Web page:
While the food price inflation of 2009-10 was triggered by the rise in food grain prices, in 2010-11 it was triggered by the rise in the prices of vegetables, fruits and eggs, meat and fish. The increase in vegetable prices has been significant. The late rains had a severe impact on the supply of some vegetables, including onion. Inflation in vegetables rose to 34 per cent in December 2010 and 67 per cent in January 2011. Normally, vegetable prices show a seasonal decline during winter months. During 2010-11, prices of raw cotton rose on an average by 43 per cent. The persistence of food inflation led to the spread of inflation to other sectors. In 2010-11, the weighted contribution of the manufacturing sector to total inflation was 41.8 per cent.

Area of concern

Inflation continues to remain an area of concern in the current year. As of June 2011, the headline inflation in wholesale price index stood at 9.4 per cent. While inflation in food articles has eased from 10.6 per cent in April 2011 to 8.38 per cent in June 2011, inflation in manufactured products has risen from 5.3 per cent in January 2011 to 7.4 per cent in June 2011.

Weekly data show a further easing in food inflation in the second half of July 2011. However, primary food inflation still remains at a fairly high level and the possibility of a surge clearly exists, if the monsoon turns adverse. The rationalisation process in the pricing of petroleum products is still to be completed and this may have an impact on price levels in the coming months. Factoring all these, the headline WPI inflation would remain high till October 2011. One could expect significant easing in the last quarter of the year and inflation may come down to 6.5 per cent in March 2012.

Supply side constraints have to be necessarily eased in order to continue with growth along with price stability. However, interventions in the area of supply constraints take some time to mature, which only means that the problem has to be identified rapidly and the process of intervention rolled out with some haste.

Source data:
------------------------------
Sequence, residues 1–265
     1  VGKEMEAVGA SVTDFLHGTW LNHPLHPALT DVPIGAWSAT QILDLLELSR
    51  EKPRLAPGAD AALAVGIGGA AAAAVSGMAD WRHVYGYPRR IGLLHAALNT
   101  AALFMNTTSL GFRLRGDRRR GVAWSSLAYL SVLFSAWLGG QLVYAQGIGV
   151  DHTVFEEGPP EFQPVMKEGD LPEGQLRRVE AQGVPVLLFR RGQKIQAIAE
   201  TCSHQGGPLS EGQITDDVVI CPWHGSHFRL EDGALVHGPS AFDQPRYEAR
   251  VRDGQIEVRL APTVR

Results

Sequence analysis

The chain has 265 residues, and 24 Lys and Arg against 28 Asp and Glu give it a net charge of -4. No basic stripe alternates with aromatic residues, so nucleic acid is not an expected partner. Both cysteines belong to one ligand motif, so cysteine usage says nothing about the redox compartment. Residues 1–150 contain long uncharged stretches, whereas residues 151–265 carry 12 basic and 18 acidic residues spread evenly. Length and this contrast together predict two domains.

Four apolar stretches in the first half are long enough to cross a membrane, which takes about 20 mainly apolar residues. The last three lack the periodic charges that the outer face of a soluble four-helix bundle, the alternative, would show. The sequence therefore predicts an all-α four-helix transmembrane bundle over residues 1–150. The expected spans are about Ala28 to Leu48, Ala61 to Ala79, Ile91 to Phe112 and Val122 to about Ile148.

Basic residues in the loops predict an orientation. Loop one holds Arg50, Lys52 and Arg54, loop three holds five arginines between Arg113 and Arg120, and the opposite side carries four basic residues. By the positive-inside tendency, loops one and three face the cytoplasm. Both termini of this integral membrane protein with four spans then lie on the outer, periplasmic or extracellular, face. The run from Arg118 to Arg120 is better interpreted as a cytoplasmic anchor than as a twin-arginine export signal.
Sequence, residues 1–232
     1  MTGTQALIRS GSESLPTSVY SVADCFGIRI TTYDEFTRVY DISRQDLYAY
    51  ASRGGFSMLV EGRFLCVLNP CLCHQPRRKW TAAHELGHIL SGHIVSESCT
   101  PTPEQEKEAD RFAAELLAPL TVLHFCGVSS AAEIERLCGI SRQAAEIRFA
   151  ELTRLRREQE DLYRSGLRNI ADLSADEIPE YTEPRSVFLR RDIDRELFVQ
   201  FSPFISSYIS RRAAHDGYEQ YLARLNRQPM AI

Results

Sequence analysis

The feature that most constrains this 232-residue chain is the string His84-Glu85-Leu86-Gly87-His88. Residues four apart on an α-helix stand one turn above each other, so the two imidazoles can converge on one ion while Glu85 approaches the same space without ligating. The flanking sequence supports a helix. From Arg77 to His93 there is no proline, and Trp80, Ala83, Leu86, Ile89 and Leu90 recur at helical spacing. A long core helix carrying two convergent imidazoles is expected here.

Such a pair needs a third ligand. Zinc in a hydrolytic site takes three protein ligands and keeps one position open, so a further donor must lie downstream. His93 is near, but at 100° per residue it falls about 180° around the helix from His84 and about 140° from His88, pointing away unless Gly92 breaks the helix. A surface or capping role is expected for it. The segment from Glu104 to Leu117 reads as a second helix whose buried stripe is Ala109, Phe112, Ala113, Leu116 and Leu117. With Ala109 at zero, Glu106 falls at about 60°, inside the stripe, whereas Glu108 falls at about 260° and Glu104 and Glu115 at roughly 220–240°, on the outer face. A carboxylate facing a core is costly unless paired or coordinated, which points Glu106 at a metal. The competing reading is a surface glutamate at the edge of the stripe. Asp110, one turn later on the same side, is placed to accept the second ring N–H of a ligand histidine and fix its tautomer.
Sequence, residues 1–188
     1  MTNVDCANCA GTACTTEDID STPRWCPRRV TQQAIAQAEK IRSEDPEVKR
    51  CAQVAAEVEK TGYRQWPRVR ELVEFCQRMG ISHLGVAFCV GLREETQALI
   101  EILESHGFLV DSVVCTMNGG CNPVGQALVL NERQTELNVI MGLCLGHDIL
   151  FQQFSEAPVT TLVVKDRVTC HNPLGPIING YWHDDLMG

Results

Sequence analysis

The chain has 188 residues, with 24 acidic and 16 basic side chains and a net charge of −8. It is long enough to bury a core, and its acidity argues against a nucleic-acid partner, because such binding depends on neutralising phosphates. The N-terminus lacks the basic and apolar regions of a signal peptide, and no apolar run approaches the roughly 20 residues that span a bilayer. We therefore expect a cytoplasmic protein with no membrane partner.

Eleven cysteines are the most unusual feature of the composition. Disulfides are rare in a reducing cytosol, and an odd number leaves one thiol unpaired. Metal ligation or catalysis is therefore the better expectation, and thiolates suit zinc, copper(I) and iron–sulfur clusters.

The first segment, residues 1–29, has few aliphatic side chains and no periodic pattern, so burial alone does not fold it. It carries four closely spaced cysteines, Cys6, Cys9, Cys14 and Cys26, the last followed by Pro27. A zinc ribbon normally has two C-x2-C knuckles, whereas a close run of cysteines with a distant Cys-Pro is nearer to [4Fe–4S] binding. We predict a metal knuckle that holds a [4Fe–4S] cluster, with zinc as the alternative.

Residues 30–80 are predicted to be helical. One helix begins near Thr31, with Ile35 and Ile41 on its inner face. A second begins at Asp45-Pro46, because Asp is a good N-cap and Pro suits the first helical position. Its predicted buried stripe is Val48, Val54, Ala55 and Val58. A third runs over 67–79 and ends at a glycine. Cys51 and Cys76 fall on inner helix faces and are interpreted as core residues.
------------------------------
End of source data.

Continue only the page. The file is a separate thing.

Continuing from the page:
In our case, at least as far as food grains is concerned, use of the official stocks in an imaginative manner can be used to keep prices under control as indeed has successfully been done in the last quarter of 2009-10.

Thus the extraordinarily high level of inflation seen in the last two years is due to certain severe supply constraints, particularly of agricultural products. The Table which gives the inflation rate and growth rate for the last six years clearly indicates that in the three years when the growth rate was around 9 per cent, inflation rate was not necessarily higher.

However, the fact that inflation is triggered primarily by supply side shocks does not mean that monetary policy has no role to play in such conditions.

As mentioned earlier, food price inflation, if it persists long enough, gets generalised. Thus, monetary policy and at one step removed, fiscal policy have to play their part in containing the overall demand pressures.

(Dr C. Rangarajan is Chairman, Economic Advisory Council to the Prime Minister).

Published on August 12, 2011

Follow us on Telegram, Facebook, Twitter, Instagram, YouTube and Linkedin. You can also download our Android App or IOS App.

This article is closed for comments.
Please Email the Editor